Here is where the Christmas tree comes in. Most every year I have my Christmas tree up before they get here; because we celebrate Christmas together the Saturday after Thanksgiving. There had just been no time to get the tree in out of the storage building and get it up and decorated, with all my many strands of lights and all my hundreds (total overload) of Christmas ornaments. Although, on Wednesday afternoon, before they arrived, I did drag the tree in the house. I also grabbed a couple of bags of small ornaments. I figured that I would go back to the building after Thanksgiving and pull some more ornaments and get the tree fully decorated. From Wednesday afternoon to Saturday afternoon, I came up with a different plan though. I was going to let the children decorate the tree. You say, “So What?” Ah, but for me to turn loose of that particular task really is something.
Once the parents left for their date day, we started with our projects. Our first task was painting clear ornaments. They were plastic, but looked like old fashioned glass ornaments. I poured paint inside of mine and rolled it around in Christmas green and red. The children chose to paint the outside of their ornaments. We put them aside to dry. The next craft we did was to paint rocks. Myself, I don’t really get the ‘rock painting’ thing; but I bought a kit for them so they could paint them for their parents. They ended up giving mom and I each one of the ones they painted. Then I cut out strips and strips of construction paper and handed the older children a couple of staplers. They worked on making paper chains for over two hours. They loved it. They worked so well together. The two older children were very patient with the five-year old and they allowed her to be a part of the process. Then when they were finished with the paper chains, they (all on their own) started making other Christmas ornaments out of the construction paper. Priceless!
I put the paper chain on the top of the tree and took it down far enough for them to be able to finish. I turned the decorating of the tree over to them. Where ever they wanted to place the ornaments, that was fine. This was their tree. They did such an amazing job! They loved it. We loved it! A good time was had by all! The tree is simply decorated, but I love it more than any tree I have had in a long time. I believe a new tradition has been established.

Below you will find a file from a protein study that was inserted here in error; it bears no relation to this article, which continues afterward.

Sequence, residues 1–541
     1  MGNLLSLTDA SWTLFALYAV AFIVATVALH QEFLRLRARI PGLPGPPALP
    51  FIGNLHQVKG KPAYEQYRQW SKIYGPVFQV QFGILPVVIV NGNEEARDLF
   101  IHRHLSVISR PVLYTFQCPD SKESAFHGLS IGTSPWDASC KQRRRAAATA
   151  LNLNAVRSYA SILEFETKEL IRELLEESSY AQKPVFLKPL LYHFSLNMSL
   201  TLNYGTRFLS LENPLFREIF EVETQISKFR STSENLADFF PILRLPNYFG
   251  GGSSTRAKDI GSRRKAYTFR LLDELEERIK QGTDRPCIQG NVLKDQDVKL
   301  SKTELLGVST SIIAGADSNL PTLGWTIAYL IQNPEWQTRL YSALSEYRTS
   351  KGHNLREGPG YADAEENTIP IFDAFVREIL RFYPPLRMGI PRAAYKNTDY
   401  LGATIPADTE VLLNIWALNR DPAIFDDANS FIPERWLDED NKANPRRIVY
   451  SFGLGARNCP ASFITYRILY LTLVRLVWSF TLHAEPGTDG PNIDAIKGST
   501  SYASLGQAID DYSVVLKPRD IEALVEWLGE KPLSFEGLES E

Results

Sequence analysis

Watching Christmas through the children’s eyes was eye-opening for me. To them, this was a really big deal. I think it gave them a larger stake in our Christmas celebration. I sit and look at the tree this year and think back to all of the times that I spent hours and hours, and sometimes even days, getting the Christmas tree to the perfection that I expected. I think I was making it too complicated. I think we all tend to, sometimes, make Christmas too complicated. We should maybe look at it through a child’s eyes. After all, it is all about the “Child.” It’s about how that Child came down to our level so that we could see what real perfection looks like.
Am I going to tweak the tree or change it toward my previous views of perfection? Absolutely not. I love it just as it is. I look at the tree and I see love. You can’t get any more Christmas than that!
“And there were in the same country shepherds abiding in the field, keeping watch over their flock by night. And, lo, the angel of the Lord came upon them, and the glory of the Lord shone round about them: and they were sore afraid. And the angel said unto them, Fear not: for, behold, I bring you good tidings of great joy, which shall be to all people. For unto you is born this day in the city of David a Saviour, which is Christ the Lord. And this shall be a sign unto you; Ye shall find the babe wrapped in swaddling clothes, lying in a manger. And suddenly there was with the angel a multitude of the heavenly host praising God, and saying, Glory to God in the highest, and on earth peace, good will toward men.” (Luke 2:8-14)